Monday, December 6, 2010

One Eye on The Fed: Now An Ally?

Bernanke has gotten a lot of resistance about the latest round of quantitative easing (QE2) since it was formalized on November 3. This weekend he has talked about the FOMC commitment to their strategy. Here are some statements attributed to the Fed Chairman from the transcript of his appearance on "60 Minutes". On the current condition of the mandated concerns of the Fed he said U.S. unemployment may take five years to fall to a normal level and that Fed purchases of Treasury securities beyond the $600 billion announced last month are possible (emphasis added).

We knew that unemployment has grown to be such a deep problem that it will be several years to recover to more normal levels. What is a more enlightening message is that the Fed does not have a ceiling on the amount of the current QE program. In other words, there is no backing away from, or hesitation to use as much new currency as is necessary to reflate the economy.

“Because the Fed is acting, I would say the risk is pretty low” of deflation, Bernanke said. “But if the Fed did not act, then given how much inflation has come down since the beginning of the recession, I think it would be a more serious concern.”
Bernanke said he is “100 percent” confident that, when necessary, the central bank can control inflation and reverse its accommodative monetary policy.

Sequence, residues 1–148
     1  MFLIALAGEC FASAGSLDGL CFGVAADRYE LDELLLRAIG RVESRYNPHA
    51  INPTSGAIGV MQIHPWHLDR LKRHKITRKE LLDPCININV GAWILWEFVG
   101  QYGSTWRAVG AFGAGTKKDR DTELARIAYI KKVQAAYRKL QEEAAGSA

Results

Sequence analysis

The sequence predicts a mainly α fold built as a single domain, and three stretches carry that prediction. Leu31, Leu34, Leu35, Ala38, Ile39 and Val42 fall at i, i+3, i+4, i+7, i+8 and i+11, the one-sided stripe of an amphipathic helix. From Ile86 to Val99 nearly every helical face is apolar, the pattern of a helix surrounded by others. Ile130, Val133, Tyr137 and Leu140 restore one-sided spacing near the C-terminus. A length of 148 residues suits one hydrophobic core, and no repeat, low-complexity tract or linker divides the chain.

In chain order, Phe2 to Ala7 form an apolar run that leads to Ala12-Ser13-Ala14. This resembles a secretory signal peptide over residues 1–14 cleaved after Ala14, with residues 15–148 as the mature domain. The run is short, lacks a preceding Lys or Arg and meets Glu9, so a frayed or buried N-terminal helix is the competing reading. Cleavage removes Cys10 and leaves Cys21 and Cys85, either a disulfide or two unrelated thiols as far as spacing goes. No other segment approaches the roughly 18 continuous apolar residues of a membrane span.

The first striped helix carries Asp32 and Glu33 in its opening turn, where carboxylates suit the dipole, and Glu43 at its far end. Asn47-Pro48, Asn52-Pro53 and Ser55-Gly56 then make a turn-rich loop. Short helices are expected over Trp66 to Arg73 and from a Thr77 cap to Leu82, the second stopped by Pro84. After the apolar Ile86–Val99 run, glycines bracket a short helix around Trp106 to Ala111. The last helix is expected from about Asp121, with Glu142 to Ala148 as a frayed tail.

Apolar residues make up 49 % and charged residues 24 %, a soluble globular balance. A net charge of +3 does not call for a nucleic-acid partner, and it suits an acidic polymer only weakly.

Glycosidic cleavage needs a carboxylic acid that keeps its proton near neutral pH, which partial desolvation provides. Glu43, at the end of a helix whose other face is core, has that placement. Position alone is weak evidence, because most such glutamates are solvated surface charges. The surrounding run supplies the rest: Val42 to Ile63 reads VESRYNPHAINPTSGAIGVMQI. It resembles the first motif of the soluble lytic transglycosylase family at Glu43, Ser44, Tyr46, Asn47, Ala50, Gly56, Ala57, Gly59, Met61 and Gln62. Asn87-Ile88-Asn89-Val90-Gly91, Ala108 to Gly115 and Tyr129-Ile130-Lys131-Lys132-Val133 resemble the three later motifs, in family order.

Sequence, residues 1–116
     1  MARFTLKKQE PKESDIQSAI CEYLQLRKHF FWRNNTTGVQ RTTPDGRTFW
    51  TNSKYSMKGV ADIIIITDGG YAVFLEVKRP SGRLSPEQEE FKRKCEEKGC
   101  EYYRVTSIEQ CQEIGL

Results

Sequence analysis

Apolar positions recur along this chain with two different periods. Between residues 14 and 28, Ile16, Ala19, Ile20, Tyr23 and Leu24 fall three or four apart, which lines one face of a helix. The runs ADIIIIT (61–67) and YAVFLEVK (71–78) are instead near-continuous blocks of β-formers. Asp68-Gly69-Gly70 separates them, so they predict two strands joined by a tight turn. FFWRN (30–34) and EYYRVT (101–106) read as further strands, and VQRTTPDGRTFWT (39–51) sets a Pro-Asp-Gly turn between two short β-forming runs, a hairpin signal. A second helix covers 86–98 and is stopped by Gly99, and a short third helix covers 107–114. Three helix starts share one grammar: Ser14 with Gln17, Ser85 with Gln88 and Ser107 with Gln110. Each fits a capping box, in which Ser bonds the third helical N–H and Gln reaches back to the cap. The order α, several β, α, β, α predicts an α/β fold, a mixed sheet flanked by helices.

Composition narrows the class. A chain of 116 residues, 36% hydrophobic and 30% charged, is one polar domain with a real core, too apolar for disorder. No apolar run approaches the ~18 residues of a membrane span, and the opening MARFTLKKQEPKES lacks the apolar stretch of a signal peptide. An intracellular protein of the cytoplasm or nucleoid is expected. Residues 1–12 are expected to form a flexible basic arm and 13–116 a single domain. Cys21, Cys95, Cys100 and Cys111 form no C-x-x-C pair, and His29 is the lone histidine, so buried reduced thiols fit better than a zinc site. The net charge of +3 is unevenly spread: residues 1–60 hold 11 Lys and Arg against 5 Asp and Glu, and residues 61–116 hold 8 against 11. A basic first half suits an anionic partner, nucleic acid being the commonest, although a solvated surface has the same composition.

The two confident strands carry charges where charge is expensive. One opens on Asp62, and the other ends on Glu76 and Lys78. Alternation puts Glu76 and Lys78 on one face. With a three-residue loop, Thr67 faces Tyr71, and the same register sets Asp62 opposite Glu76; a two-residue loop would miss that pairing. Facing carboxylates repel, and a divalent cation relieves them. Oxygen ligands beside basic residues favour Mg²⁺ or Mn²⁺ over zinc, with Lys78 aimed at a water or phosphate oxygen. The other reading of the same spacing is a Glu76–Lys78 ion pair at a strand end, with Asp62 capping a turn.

“We’ve been very, very clear that we will not allow inflation to rise above 2 percent,” he said.
“We could raise interest rates in 15 minutes if we have to,” he said. “So, there really is no problem with raising rates, tightening monetary policy, slowing the economy, reducing inflation, at the appropriate time.”
“That time is not now,” he said.

With all these almighty proclamations, another time has come for another decision by investors like me. Increase risk or not? Maybe now is the time to pack and move to a new land while the ports are still open. With the Fed hell bent on reflating assets like real estate and, now explicitly, stocks while also claiming to have the capability to keep a lid on inflation, does it seem prudent to "fight The Fed"? As further evidence of the lengths The Fed is willing to go, consider the emergency loans made to many non-financial and non-US banks during the heat of the financial crisis. Here is a link to a NYT article describing the recent revelation. In summary, they will do anything within, or even outside, their authority to prevent the economy from slipping into another recession or a round with deflation. So despite the global financial concerns, investors today have the most powerful ally in the world on their side, bar none.

To consider the current technical condition of the S&P 500 Index and the US$ Index, here are a couple of charts from